But the true magic is in he penultimate moment of David Bowie is that leads viewers into a large, multistory room coated in video monitors.  There are some exhibits scattered throughout this space, but they are secondary to the visual and auditory display and the many seating areas provided finally for guests.

Everyone stares up, mouths open yet again (we are tiny birds, there to receive this very fundamental piece of pop-culture nourishment and benediction; after all, one of the exhibits main arguments is that Bowie is in everything, including us).  Eventually, people realize the sound is no longer coming through their headphones, but is piped into the room directly, and the isolation of the exhibit structure has gives way to the communal concert experience.

A woman near me laughed at the wonder of it, and a security guard tried to shush her, but the crowd told him no.  A man to my left had tears tracking down his cheeks.  I had to look away from a monitor close to the floor that showed 9/11 footage during a performance of “Heroes,” which for me in high school was a song about how I felt I would never be loved.  Later I had to sit down as the whole of the room lit up with that long-forgotten performance of “Bang Bang” on The Glass Spider tour.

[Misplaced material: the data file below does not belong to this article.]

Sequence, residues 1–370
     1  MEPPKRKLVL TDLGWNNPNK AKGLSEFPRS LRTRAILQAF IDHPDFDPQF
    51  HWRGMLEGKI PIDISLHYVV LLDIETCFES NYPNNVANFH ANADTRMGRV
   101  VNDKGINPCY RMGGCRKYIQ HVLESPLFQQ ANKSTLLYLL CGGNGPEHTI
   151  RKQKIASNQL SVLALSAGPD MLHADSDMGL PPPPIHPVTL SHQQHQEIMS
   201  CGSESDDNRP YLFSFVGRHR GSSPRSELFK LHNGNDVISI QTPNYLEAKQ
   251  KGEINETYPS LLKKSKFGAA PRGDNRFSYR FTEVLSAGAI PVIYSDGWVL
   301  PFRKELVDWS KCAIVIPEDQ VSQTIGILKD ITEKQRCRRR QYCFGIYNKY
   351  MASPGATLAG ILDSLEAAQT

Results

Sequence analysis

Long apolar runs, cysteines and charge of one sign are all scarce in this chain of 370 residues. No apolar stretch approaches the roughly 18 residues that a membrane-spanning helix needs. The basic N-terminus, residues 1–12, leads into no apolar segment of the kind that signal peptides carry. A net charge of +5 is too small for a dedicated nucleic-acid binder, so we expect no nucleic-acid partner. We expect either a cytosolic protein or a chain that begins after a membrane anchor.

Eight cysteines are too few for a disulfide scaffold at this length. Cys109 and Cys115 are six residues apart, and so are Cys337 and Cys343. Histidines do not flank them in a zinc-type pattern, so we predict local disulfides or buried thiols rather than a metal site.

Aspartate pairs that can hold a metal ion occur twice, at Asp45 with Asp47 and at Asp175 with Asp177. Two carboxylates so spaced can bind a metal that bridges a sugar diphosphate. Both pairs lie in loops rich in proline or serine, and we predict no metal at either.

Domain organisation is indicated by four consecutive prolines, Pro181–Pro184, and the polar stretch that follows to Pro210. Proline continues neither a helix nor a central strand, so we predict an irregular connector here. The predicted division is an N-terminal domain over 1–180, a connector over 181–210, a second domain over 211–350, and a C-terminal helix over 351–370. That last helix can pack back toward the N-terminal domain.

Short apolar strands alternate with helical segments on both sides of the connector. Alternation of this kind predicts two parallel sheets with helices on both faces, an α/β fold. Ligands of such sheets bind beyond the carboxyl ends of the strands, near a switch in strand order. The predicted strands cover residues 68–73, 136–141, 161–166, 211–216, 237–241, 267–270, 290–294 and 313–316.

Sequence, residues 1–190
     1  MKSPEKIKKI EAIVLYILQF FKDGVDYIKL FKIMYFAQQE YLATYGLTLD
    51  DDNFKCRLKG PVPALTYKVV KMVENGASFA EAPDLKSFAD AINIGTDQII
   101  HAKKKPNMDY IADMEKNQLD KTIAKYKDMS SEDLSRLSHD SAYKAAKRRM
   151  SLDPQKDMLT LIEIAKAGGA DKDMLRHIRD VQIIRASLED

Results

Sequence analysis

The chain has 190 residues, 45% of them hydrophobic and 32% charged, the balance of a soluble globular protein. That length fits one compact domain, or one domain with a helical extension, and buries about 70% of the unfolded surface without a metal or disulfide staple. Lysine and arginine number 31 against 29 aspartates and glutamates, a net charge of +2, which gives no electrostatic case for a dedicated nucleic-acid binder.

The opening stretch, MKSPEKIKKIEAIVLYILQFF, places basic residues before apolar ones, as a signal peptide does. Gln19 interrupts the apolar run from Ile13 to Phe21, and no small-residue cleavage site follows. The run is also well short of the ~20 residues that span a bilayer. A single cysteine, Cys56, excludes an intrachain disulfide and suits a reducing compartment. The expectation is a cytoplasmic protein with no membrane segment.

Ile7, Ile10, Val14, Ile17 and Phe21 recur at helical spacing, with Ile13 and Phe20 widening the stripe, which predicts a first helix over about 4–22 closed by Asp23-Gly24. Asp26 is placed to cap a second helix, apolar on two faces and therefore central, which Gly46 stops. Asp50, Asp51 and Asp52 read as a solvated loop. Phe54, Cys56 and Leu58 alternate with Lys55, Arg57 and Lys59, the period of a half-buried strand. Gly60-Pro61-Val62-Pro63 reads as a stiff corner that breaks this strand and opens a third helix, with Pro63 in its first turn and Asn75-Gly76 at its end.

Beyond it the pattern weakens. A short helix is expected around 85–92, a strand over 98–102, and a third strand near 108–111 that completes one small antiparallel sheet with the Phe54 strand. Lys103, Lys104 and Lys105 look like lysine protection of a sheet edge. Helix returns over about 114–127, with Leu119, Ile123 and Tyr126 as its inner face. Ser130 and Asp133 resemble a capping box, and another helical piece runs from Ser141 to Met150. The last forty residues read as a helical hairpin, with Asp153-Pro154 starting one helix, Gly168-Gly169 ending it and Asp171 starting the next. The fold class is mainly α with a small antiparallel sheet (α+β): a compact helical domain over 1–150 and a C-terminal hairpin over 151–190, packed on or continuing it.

Exiting the exhibit one is given the proof, no longer needed, that David Bowie is in all of us.  Photos of artists who have borrowed, begged, and stolen from Bowie’s various incarnations and looks, or even echoed him seemingly accidentally and disturbingly (Tilda Swinton must be noted, especially), line three walls.  A periodic element chart of figures relevant, some as influence and some as influenced, is painted on the desperately meaningful fourth. Sometimes I would see names – Harvey Milk – and have to look away.

David Bowie is argues aggressively that Bowie’s presence, if not his work itself, is necessarily political in our cultures, and personal in the way that it does not just inspire, but infests.  It reminded me of the relief I felt as little more than a child to see portrayals of desire and loss and otherness that I was entitled to access in private amongst the public.

And it reminded me that there are some strange gems in the Bowie’s canon, not just in the truly great albums (Aladdin Sane, Diamond Dogs, Young Americans, and the Berlin triptych), but in the lesser ones.  In fact, I walked out of David Bowie is with an obsessive need to revisit Never Let Me Down, and while I (re)discovered an album with many legitimately forgettable tracks and an excessive abuse of the signature-80s unnecessary sax solo, I also found in it the feminine counterpart to Diamond Dogs through “Bang Bang” and the rather spectacular “Time Will Crawl” that clearly returns us to the unresolved narratives of Hunger City.

David Bowie is runs through August 11 at the Victoria and Albert in London.

Girls Write Now: Fanfiction workshop follow-up

While it was a week ago, I did want to follow up on my talks at Girls Write Now last week, because it was a ton of fun, and I did promise the program participants and their mentors I’d update with some relevant links and a summary of what we talked about.

One of the things that was really fun was none of us were talking about justifying fanfiction.  Rather, we talked about both how fanfiction is entirely legitimate as an end in and of itself, but also how it functions as a gift economy, a mode of criticism, and a way to approached and even produce salable work.